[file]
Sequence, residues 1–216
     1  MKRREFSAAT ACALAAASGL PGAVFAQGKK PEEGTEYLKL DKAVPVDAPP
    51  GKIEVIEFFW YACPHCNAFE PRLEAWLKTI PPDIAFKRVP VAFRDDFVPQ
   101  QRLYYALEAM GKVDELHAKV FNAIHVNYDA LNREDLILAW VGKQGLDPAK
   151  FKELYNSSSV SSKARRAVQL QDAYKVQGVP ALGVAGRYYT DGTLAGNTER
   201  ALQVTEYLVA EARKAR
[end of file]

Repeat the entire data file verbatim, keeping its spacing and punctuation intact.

Sequence, residues 1–216
     1  MKRREFSAAT ACALAAASGL PGAVFAQGKK PEEGTEYLKL DKAVPVDAPP
    51  GKIEVIEFFW YACPHCNAFE PRLEAWLKTI PPDIAFKRVP VAFRDDFVPQ
   101  QRLYYALEAM GKVDELHAKV FNAIHVNYDA LNREDLILAW VGKQGLDPAK
   151  FKELYNSSSV SSKARRAVQL QDAYKVQGVP ALGVAGRYYT DGTLAGNTER
   201  ALQVTEYLVA EARKAR